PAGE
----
Shell has announced plans for between 7,000 – 9,000 job cuts from its global workforce by the end of 2022.
The energy giant, which has been grappling with the effects of the oil price downturn and Covid-19, follows rival BP who earlier this year announced plans for 10,000 job cuts.
Shell, which employs 6,000 people in the UK, including 1,000 directly in its Upstream oil and gas business in the country, said the “reduced organisational complexity” will save between $2billion – $2.5billion by 2022 on an annual basis.
The figure will include 1,500 who have agreed to take voluntary redundancy by the end of this year.
Shell declined to say how many UK jobs will be cut and Aberdeen South MP Stephen Flynn said the uncertainty is “deeply regrettable“.
It comes after UK country manager Sinead Lynch said earlier this year the company had to “look long and hard” at its choices.
Job cuts of 9,000 would represent a roughly 10.5% reduction of the Shell global workforce of 86,000.
CEO Ben van Beurden described it as an “extremely tough process” but “reducing cost is essential”.
He referred to bringing technical support staff for its global assets “all into one place”, and there being “too many people in the middle” of the organisation in terms of management “layers”.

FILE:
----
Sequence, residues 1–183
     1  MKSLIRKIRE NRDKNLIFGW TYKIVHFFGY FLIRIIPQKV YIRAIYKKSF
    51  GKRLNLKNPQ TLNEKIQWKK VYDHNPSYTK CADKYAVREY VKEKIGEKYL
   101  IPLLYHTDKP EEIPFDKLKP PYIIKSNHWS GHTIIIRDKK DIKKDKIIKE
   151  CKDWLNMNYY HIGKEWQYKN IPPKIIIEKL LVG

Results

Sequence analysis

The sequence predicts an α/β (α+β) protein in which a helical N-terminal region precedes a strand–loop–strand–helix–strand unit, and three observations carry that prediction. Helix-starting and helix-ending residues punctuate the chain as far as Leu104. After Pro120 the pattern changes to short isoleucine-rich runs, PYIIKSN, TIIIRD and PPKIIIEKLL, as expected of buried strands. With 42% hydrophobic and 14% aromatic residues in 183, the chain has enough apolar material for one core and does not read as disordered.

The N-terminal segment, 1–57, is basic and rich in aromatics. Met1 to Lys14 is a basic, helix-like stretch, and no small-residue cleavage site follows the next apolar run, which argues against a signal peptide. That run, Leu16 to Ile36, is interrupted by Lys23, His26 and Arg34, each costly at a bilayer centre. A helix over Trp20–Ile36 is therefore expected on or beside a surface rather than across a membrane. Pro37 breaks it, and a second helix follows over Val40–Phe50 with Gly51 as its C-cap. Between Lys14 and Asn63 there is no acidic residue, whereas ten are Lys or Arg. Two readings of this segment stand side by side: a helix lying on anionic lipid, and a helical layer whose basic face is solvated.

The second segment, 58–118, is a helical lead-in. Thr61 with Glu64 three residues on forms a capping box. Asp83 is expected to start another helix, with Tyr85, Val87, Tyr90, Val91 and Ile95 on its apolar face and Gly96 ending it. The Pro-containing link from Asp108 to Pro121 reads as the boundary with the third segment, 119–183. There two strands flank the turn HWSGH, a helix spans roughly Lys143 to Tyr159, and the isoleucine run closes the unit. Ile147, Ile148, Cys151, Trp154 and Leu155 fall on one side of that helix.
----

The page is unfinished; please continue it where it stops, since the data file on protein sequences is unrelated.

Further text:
Mr van Beurden added: “In some cases there are good reasons for that, but as a principle we are looking to remove that complexity, and cost, so we can be the nimble, efficient and customer-focused company we need to be.”
Middle management was one of the factors BP tackled in its plans to cut jobs earlier this year.
Oil majors have been rocked by the dual shock of Covid and the oil price crash. In July, Shell announced an $18billion loss in the second quarter of the year due the impact on its business.
The job cut figure has been released in an update ahead of its third quarter results.
In its update, Shell said it expected adjusted earning losses for its Integrated Gas and Upstream segments, while the Oil Products and Chemicals divisions will be $200-400m and $100m worse off respectively compared to Q2.
Post-tax impairment charges of between $1billion to $1.5 billion are also expected for the third quarter, Shell said.
Following news earlier this year that BP plans to cut 10,000 jobs, Rystad Energy predicted all oil majors would be seeking to cut roughly 15% of their workforces in response to the current crisis.
The last time Shell made large job cuts in the UK was in 2016, when it cut 475 workers as part of a global reduction of 2,200 – a smaller proportion than the figure proposed between now and 2022.